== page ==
Providence 11 March 1807
Slander is such a common position of all men in office, that I did not think it necessary to trouble you with a denial of a charge which Mr Foster sometime since informed me had been alledged against me, and should not do it at this time, had I not just now written a defence of Col Peck—Mr. Foster stated, that some person had said in your hearing, that I had published a letter I had received respecting the Senators from this State, & the trial between Govr. Fenner & Judge Dorrance. The letter appeared in a paper in this Town;—The writer & receiver were both well known & publicly talked of; and most certain it is, that I had no concern with it directly or indirectly—I never saw or heard of it till it appeared in the paper—
The zeal of the political parties in this State is now very warm. The division which commenced in the election of Mr. Fenner as Senator, is still kept up, and there is no prospect of a reconciliation—Each party has proposed a Candidate for Governor Mr. Fenner & Mr Taber—and they are so equally divided, that if the Federalists propose a third there will be no choice by the people.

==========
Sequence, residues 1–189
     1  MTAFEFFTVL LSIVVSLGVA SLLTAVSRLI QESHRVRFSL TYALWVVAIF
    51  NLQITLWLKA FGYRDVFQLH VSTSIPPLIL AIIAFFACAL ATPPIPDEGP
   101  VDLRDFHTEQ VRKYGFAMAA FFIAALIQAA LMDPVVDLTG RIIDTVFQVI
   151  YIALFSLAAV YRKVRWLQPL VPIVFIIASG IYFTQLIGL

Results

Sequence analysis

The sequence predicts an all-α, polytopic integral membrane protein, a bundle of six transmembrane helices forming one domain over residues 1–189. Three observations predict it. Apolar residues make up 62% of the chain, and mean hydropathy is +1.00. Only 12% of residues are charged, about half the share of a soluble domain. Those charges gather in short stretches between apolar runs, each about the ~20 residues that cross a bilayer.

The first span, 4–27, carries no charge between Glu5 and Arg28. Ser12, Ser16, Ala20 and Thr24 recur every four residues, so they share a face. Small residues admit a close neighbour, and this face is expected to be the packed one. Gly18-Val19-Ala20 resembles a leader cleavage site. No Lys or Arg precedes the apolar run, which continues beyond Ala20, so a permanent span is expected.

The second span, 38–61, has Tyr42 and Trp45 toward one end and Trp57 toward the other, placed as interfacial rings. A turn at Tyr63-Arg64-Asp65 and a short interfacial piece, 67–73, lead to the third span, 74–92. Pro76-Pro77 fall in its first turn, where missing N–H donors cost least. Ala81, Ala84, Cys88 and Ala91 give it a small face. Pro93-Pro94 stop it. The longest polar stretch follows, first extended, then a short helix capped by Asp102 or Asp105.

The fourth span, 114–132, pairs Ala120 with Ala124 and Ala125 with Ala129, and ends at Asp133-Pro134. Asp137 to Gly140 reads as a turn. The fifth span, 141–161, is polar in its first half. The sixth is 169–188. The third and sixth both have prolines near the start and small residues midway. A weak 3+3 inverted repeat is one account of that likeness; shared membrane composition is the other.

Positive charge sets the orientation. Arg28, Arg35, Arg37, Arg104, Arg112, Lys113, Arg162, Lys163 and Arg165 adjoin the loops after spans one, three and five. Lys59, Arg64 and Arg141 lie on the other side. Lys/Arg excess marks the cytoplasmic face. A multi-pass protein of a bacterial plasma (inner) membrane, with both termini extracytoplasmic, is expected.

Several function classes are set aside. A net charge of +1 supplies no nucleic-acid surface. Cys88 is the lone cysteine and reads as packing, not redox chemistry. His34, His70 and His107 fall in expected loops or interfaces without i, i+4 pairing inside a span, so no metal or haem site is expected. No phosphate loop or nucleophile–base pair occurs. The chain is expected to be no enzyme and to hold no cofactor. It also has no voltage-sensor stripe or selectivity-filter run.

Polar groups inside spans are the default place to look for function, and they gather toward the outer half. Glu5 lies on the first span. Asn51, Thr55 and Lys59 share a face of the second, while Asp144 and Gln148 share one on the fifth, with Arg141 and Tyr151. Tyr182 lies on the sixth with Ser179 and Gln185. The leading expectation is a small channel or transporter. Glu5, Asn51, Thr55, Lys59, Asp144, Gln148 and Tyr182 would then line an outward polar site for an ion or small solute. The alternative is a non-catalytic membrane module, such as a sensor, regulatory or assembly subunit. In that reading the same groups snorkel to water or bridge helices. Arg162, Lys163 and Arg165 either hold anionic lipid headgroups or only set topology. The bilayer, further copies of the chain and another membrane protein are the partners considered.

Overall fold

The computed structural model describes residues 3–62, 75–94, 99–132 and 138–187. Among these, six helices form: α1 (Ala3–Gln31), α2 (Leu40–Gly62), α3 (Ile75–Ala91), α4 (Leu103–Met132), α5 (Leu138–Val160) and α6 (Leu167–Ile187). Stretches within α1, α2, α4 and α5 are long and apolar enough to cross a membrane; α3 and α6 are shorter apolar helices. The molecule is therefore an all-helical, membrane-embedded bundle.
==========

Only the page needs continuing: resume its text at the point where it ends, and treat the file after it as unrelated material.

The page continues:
Mr. Foster is now in the most perfect retirement, on a small farm, in this State. I sincerely wish he was better provided for—he has integrity & industry, which might make him more useful than he is at present He left profitable private business to serve the public, and is now entirely neglected—He has attempted to resume the business of his profession, but it is too late—It has gone into other hands.
With Sentiments of high Respect I am Your Obedient Servt
David Leonard Barnes
DLC: Papers of Thomas Jefferson.